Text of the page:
Achives: teaching english in france

By Monika Salita
@monikasalita or  About Monika

When I first arrived in Montpellier, France, one of the most valuable things I did for myself regarding learning more about my new home base (thanks to the guidance of some kind souls at the prefecture) was to visit the Pôle Universitaire; otherwise known as the student center for the city’s three main university campuses.

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By: Christina Rowe

Teaching English in France – A tale about life in Languedoc-Roussillon

By Jean-Pol GRANDMONT (Own work) [CC-BY-SA-3.0 (, GFDL ( or CC-BY-3.0 (], via Wikimedia Commons

Most of us have dreamed of working abroad at some stage in life and it it has often been a topic of conversation among my friends. The questions, ‘Where to live?  France, Spain, Morrocco?  What to do?’ usually follow, once we have decided we are going to fulfil that dream. I had been working in London for a few years and kept saying to myself, ‘one day I’m going to work in France’. Realising that it wasn’t magically going to materialise out of thin air, I decided it was time to actively infuse some effort into my goal and Voila! The job presented itself. I thought ‘if not now when?’.

And so I came to live in Languedoc-Roussillon, the largest wine making region in the world; unknown to me at the time but in retrospect I think , ‘how very fortunate’  to be in such an idyllic part of French country 🙂 .  I flew into Carcassonne, home to the ancient town ‘La Cite’, one of Europe’s largest fortifications. Winding through quaint villages and vineyards to the Minervois region that would be my home for the next three months, we soon arrived at the place I would call home during my time there.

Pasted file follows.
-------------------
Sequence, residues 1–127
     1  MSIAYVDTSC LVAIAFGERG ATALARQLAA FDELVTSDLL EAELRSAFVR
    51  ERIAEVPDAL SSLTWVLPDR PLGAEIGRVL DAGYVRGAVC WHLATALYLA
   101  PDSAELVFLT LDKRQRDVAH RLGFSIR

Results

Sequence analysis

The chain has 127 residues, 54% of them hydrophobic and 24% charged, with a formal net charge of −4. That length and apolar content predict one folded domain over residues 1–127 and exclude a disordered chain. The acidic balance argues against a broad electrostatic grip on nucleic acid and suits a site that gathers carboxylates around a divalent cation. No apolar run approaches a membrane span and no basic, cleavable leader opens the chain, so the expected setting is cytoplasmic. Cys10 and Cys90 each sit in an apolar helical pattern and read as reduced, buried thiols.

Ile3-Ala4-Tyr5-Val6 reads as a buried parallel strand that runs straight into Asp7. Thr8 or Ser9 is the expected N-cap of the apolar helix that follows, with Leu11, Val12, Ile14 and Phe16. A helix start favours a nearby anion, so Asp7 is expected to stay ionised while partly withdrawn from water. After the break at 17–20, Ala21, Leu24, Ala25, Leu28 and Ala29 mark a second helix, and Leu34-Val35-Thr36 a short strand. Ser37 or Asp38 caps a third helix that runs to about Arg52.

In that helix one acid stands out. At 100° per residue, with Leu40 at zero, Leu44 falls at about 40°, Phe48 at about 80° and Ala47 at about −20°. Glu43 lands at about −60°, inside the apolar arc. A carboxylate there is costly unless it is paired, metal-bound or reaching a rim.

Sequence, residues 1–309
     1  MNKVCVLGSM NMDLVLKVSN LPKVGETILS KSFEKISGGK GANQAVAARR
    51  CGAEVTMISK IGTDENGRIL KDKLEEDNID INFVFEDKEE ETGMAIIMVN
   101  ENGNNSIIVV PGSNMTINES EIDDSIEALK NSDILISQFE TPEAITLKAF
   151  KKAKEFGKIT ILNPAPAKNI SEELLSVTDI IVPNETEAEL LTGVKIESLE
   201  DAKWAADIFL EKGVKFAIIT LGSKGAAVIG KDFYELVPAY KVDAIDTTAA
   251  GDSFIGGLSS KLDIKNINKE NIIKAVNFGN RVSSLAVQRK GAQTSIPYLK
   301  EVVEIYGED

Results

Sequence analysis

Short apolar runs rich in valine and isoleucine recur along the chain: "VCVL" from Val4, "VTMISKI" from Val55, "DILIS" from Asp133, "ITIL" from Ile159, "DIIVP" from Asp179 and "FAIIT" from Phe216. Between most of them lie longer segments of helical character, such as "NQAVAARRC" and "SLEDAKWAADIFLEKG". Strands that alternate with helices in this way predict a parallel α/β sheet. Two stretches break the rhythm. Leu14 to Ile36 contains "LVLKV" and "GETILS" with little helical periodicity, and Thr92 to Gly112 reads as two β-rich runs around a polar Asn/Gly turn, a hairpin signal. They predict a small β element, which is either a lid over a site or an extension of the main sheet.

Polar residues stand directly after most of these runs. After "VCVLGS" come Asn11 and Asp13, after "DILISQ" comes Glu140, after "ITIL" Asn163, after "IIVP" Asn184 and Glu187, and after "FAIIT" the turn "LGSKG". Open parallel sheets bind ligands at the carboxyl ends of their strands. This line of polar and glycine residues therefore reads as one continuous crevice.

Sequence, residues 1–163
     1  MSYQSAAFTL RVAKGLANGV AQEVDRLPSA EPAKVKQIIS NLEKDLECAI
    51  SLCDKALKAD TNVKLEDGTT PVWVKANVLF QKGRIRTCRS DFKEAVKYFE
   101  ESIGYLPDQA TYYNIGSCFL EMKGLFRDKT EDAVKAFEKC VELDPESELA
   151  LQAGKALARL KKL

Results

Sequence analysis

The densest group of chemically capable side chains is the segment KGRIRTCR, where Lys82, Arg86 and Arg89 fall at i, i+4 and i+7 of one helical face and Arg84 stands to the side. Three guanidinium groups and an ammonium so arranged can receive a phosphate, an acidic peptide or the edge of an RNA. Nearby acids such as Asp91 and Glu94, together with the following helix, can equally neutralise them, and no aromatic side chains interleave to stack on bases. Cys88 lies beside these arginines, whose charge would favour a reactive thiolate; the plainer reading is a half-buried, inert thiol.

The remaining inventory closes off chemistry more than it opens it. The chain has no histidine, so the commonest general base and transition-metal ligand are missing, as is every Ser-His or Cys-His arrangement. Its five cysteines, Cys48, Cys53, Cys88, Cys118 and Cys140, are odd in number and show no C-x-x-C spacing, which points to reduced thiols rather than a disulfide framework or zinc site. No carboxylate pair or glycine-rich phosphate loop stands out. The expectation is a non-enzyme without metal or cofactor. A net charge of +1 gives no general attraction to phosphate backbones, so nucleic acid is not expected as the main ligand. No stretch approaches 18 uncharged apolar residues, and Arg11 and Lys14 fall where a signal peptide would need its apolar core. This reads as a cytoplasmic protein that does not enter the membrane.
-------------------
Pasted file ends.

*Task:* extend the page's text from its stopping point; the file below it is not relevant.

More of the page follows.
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By Jon Duckett
Experienced TEFL teacher and director at TEFL Jobs World

TEFL Jobs in Paris

By Taxiarchos228, cropped and modified by Poke2001 (Paris-pano-wladyslaw.jpg) [CC-BY-3.0 (], via Wikimedia Commons

There are lots of opportunities for English language teachers to find TEFL Jobs in Paris. There are around 300 language schools in need of teachers, and it’s also possible to make a living freelance teaching.

The focus in Paris in on business English. Businesses in France have to spend money on continued training for their employees or face a higher tax bill. Business English courses are seen as a good way to spend that money, perhaps partly in recognition of English being the EU’s official language. Unfortunately this has led to negative consequences too, in that there are a lot of poor quality schools which keep the wages low for teachers (as little as 12 Euros an hour). Also students can be quite lethargic as often they are not studying out of choice.

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